Leased Art Woos Financiers
New York City -- Many business owners want their offices to reflect good taste, with fine art on the walls. But they must weigh the cost against the vagaries of the marketplace. A few good years, and the millions come rolling in. A few setbacks, and the banks send a crew to pack up the furniture.
For this cold reality comes a new service: art leasing.
Art collectors of ArtKabinett social media network will be seeing more and more leased art in more public lobbies and waiting areas.
A business being started by the Durst Organization, the big Manhattan office landlord, and Asher Edelman, a New York art financier, plans to acquire fine art and allow banks, hedge funds and other businesses to lease it for their office walls, a cheaper alternative to buying.
Mr. Edelman said in an interview that the service would offer customers the ability to lease works by well-known artists like Andy Warhol and Frank Stella under leases of five years or longer for annual fees he estimated might be 6 percent to 12 percent of the artworks’ market value. Some of the leases may also include an option to purchase.
While a few such services already exist, the entry into the market of a landlord that owns 13 million square feet of prime office space and a well-known if controversial art connoisseur appears to reflect the current boom in art-market prices and prestige.
“Conceptually, there’s a legitimate need for it,” said Jeff Rabin, co-founder of Artvest Partners, an art and finance advisory firm in New York City. But he noted that its merits would depend on the terms and structure of the leases.
“A lot of tenants are interested in fine art but may not have the time or money to get involved to acquire the art or to finance the art,” said David Neil, chief administrative officer of the leasing and marketing division of the Durst Organization. “We believe this venture will be a tremendous amenity and benefit for tenants not only in our buildings but elsewhere.”
Financiers Turn to Art
A Wall Street raider in the 1980s, Mr. Edelman, 74, said the art leasing business would be called Artemus, which he described as a male variation on Artemis, the Greek goddess of the hunt.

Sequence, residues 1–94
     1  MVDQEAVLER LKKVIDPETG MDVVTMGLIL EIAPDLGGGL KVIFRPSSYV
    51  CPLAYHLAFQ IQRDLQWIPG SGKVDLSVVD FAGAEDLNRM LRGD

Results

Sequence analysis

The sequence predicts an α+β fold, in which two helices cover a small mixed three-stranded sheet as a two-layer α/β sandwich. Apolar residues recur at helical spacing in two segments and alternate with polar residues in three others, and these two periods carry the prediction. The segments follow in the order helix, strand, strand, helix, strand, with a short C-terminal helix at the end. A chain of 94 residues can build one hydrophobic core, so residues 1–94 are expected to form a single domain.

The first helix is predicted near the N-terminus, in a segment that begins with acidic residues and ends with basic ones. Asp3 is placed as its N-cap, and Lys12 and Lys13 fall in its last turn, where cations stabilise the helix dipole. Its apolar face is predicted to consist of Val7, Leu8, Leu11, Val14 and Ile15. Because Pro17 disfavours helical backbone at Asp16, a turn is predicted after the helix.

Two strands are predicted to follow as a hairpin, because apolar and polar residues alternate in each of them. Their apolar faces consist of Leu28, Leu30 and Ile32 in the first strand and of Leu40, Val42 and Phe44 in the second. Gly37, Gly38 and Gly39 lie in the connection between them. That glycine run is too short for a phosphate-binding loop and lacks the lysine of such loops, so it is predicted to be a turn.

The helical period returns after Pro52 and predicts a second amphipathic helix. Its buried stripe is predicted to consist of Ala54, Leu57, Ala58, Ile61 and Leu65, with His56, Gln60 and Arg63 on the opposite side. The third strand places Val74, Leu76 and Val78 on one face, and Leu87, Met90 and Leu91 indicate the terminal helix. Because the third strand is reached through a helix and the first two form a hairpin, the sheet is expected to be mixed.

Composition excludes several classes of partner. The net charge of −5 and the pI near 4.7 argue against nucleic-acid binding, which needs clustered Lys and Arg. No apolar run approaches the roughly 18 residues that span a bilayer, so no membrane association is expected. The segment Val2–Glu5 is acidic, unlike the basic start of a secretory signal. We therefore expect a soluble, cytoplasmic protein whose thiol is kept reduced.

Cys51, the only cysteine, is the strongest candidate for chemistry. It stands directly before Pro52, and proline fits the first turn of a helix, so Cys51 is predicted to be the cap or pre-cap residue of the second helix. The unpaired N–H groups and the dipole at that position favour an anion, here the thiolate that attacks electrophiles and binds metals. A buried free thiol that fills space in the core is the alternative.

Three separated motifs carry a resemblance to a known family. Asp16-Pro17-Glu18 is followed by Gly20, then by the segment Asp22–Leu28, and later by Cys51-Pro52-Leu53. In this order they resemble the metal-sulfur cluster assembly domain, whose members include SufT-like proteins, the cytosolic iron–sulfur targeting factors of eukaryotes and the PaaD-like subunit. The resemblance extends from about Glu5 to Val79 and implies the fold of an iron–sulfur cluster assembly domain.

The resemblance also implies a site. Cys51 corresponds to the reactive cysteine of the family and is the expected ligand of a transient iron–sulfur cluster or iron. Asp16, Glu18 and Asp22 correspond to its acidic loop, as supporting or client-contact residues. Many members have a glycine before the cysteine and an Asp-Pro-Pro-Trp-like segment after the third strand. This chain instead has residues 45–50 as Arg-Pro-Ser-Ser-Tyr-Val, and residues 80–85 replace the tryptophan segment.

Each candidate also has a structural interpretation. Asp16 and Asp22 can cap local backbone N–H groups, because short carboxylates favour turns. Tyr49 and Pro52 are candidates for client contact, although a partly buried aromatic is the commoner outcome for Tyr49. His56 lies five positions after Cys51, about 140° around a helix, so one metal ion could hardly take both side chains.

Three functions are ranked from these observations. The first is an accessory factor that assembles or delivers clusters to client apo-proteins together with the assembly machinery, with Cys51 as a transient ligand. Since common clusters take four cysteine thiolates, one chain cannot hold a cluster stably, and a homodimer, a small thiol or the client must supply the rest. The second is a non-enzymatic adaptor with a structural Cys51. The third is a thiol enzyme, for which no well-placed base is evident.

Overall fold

Another partner in the venture is David Storper, a distressed-investing expert who worked for 16 years with Wilbur Ross, leaving W.L. Ross & Company in 2012.
Mr. Neil said Mr. Edelman proposed the art-leasing venture after Durst’s chairman, Douglas Durst, visited his East Side gallery, Edelman Arts, about a year ago.
Mr. Edelman has since advised Mr. Durst on art for one of his office buildings. His main business, ArtAssure Ltd., offers art-related loans, sale guarantees and the purchase of large collections.
Among Durst-owned Manhattan properties are One Bryant Park, the Manhattan flagship office of Bank of America; 4 Times Square, headquarters of Conde Nast; four buildings on Third Avenue; and three more on the Avenue of the Americas.
Durst is also an effective co-developer of One World Trade Center with the Port Authority of New York and New Jersey.
Mr. Edelman’s alliance with Durst comes after his court battle with another New York real estate dynasty, the Milstein family, whose Emigrant Bank Fine Art Finance unit accused Mr. Edelman in 2010 of defaulting on $3.1 million in art-backed debt.
In a countersuit, Mr. Edelman contended that Emigrant was trying to gain control of his art-finance business. A judge ordered Mr. Edelman to pay Emigrant a disputed $559,000.
Asked about Mr. Edelman’s history of litigation, which has included matters like unpaid rent and compensation for damaged artwork, a Durst spokesman said the Durst business also litigates when necessary. “We live in a litigious society and, unfortunately, litigation is part of doing business.”